Love: Plain and Simple

Rhema TeamFebruary/March 2019 WOFLeave a Comment

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My husband and I co-wrote an article this month about marriage. It reminded of when I was a teenager. My group of friends would quote the first line of a song made famous by Frank Sinatra. “Love and marriage, love and marriage—go together like a horse and carriage.”* Love should be a vital ingredient of marriage!

“Love,” however, goes far beyond a feeling between a husband and wife. John 3:16 (NKJV) records the greatest act of love: “For God so loved the world that He gave His only begotten Son, that whoever believes in Him should not perish but have everlasting life.” I especially like the Amplified Bible, Classic Edition, “For God so greatly loved and dearly prized the world that He [even] gave up His only begotten (unique) Son, so that whoever believes in (trusts in, clings to, relies on) Him shall not perish (come to destruction, be lost) but have eternal (everlasting) life.”

You are greatly loved and dearly prized by God. At times, it can be tempting not to love yourself. Many people have poor self-images. David praised God’s creation in Psalm 139:14 (NKJV): “I will praise You, for I am fearfully and wonderfully made; marvelous are Your works, and that my soul knows very well.” It is essential to love yourself as God loves you.

Often when people make mistakes, they feel ashamed and run from God instead of running to Him. God loves you even when you make mistakes. I’m reminded of when my youngest grandson was 4 years old, how he described that love beautifully.

Wesley loved candy, and my daughter had to limit his portions. One day Denise found an empty candy wrapper on the floor. She asked Wesley if he had eaten some candy. “No,” he replied.

After questioning him, Wesley finally admitted to lying. Wanting to teach him a Bible lesson, Denise said, “God does not want you to lie.” He quickly responded, “But God loves me anyway!” Out of the mouth of babes come profound truths!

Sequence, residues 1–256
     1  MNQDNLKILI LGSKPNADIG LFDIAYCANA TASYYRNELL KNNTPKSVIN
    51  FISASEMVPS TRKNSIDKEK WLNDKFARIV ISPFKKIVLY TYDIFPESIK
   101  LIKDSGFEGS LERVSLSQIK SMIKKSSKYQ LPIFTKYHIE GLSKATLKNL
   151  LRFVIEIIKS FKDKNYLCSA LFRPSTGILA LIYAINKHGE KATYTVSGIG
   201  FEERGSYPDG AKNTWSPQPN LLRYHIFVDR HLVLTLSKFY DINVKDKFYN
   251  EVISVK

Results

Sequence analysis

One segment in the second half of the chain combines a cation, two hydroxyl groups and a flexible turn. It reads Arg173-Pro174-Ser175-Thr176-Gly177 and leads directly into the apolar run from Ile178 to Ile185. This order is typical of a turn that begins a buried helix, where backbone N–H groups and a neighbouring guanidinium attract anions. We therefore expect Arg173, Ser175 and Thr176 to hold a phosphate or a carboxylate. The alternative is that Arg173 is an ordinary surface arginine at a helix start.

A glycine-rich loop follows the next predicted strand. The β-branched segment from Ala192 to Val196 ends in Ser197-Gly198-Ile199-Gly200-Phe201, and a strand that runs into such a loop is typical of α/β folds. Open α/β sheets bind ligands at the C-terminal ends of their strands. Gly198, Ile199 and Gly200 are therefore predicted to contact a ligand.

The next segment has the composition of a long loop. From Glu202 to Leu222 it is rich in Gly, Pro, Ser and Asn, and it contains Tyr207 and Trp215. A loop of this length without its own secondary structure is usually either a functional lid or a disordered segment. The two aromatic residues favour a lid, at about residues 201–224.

Your life may be in shambles. You may have stumbled in your walk with the Lord. But God loves you anyway. He will pick you up, brush you off, and say to you as Jesus said to the woman caught in adultery, “Neither do I condemn you; go and sin no more” (John 8:11 NKJV). Our Heavenly Father is a God of second chances.

God loves you even when you make mistakes. Lynette Hagin

Just as God has extended His love and forgiveness to us, we should offer love and forgiveness to others. Galatians 6:1 says, “Brethren, if a man be overtaken in a fault, ye which are spiritual, restore such an one in the spirit of meekness; considering thyself, lest thou also be tempted.”

The Message translation makes it clearer, “If someone falls into sin, forgivingly restore him, saving your critical comments for yourself. You might be needing forgiveness before the day’s out.” Love does not judge; it forgives and restores.

I always follow the principle: “If I were in that situation, how would I want to be treated?” Unless you have walked in someone else’s shoes, don’t judge the decisions they make. Occasionally, I hear someone say, “If those were my children, I would do such and such.” I reply: “You don’t know what you would do unless you encountered that same situation.” It’s always better not to judge others but to love and restore them instead.

Lastly, make a point not to take family members for granted or forget to express your love and appreciation for them. It is easy to take for granted the sacrifices our parents made while they raised us. But be sure to spend time with them because they will not be with you always.

I cherish the week I spent with my dad before he passed. I was with him continuously caring for his needs. At times, I became weary. However, I am so glad I listened while he talked. Little did I know the last time I would speak to him was when I said goodbye on Saturday.

I encourage you to show love to those around you and make memories you will cherish for years to come.



* “Love and Marriage,” lyrics by Sammy Cahn and music by James Van Heusen, © 1955 Barton Music Corp.

Author

  • Lynette Hagin

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